No matter how important such acknowledgments are, they are also self-limiting in the sense that others are always free to disagree. This is, of course, true in any case, but McCloud’s text does not make any concessions to doubters. It gives people permission to start from the presumption that comics are ‘real’ art, as well as ‘real’ literature. This has been invaluable in opening up a pathway for other authors, such as Wolk and Versaci.
While form and approach are important clues to the influence of Understanding Comics, the particular genius of the text, and I think the most significant reason why it looms so large in its field, is that McCloud chose to address his first book not to creators or would be creators, but to readers. The decision to lead with a book about the experience of reading comics, why and how they ‘work’, helped to move comics theory and criticism into a broader and richer vein covering not only ‘how-tos’ and fellow artists, but also the life of the finished product after release into the wild where readers are active agents, too.
Film scholar James Monaco, in How to Read a Film (3rd edition, Oxford University Press, 2000), describes this as a movement from theory and criticism concerned with prescription, or what a medium can or ought to be, to theory and criticism concerned with description, or what a medium is. The former often predominates early in the development of a new art, while the latter gains currency after some kind of normal practice takes shape and debates over how a form is to be made recede into the background.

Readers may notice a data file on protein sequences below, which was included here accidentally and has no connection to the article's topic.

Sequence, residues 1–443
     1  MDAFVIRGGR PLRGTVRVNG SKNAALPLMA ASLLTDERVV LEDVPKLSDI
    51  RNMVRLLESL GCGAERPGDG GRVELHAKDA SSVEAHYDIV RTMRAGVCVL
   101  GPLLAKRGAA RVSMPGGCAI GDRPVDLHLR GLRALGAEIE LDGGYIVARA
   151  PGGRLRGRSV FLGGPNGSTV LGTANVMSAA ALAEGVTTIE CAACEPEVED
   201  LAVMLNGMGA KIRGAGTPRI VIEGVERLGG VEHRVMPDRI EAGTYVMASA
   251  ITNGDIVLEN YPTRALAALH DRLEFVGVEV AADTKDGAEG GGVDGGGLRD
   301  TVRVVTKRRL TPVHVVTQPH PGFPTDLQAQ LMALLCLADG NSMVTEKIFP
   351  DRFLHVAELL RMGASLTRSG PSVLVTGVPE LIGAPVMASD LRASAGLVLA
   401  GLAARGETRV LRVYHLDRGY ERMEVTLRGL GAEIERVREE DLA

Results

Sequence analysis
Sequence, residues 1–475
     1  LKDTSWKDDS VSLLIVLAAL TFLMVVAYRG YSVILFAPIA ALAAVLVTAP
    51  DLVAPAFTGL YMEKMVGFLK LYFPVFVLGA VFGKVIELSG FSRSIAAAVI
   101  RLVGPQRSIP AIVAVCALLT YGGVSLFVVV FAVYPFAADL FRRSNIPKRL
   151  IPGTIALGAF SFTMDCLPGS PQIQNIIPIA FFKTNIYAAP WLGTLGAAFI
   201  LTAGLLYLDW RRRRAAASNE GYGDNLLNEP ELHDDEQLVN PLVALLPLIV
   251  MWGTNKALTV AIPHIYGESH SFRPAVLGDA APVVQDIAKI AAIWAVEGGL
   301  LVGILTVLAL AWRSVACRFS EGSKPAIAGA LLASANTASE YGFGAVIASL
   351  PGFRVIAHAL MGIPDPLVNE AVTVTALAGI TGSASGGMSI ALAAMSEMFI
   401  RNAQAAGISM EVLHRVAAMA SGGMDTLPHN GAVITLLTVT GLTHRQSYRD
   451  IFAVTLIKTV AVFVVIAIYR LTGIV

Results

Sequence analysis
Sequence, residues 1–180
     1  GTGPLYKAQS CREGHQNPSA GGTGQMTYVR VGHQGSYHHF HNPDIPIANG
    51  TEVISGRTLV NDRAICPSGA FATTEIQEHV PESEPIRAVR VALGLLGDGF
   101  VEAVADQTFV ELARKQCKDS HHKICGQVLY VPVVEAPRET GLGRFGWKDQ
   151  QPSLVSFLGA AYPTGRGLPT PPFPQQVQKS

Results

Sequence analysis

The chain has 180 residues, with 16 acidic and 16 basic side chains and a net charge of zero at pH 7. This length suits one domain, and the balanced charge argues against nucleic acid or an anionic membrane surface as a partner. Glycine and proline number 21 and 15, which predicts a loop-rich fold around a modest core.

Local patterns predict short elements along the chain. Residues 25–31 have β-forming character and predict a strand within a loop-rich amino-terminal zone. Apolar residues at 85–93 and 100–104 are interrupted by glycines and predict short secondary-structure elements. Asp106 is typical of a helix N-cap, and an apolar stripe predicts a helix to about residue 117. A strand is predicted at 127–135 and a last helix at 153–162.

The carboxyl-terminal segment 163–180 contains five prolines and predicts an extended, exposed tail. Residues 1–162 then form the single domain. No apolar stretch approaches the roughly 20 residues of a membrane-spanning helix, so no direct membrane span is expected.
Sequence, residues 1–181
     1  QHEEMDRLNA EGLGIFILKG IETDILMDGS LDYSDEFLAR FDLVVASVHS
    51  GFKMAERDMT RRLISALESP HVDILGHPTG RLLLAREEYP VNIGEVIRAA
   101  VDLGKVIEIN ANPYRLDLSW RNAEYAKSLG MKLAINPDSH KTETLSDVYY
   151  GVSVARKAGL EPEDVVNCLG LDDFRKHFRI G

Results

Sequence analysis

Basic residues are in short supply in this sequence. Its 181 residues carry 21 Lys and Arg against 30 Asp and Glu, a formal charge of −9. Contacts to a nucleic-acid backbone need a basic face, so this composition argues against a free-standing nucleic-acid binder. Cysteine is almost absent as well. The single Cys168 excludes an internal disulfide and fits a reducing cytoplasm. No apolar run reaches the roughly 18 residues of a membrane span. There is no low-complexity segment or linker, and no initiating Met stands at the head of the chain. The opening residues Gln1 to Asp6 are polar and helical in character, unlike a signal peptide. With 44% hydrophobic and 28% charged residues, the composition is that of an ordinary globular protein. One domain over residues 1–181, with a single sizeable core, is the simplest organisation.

This isn’t a simple linear progression, of course, but for comics, Understanding Comics is the first major theoretical work that was primarily descriptive in nature. The significance of this is the manner in which the book starts from the presumption that comics is already full in form and ready for examination; there’s no reason to begin with a treatise on what comics ought to be because they already are.
The address to readers is also important because that is a subject position occupied by engaged fans, literary critics, publishers, librarians, shop owners, and creators alike. Understanding Comics is a landmark in theory and criticism because it’s a book about comics that is for everyone with an interest in the medium.
Jean Baudrillard wrote an essay titled “Forget Foucault” (The MIT Press, 1988) as a response to the ‘perfection’ of the other philosopher’s work on sexuality. The implication of the title is that to move on with new theory requires dispensing with the apparently perfect theoretical apparatus already articulated by someone else. Maybe the further development of comics theory and criticism will require people to ‘Forget McCloud’, but despite my growing self-consciousness about how often I return to the pages of Understanding Comics, I don’t think that would be any better advice than was Baudrillard’s.
// Graphic Novelties
"Wonder Woman stands at the edge of a dark and foreboding forest. It's not a real vacation if there isn't a little bit of fear and loathing.READ the article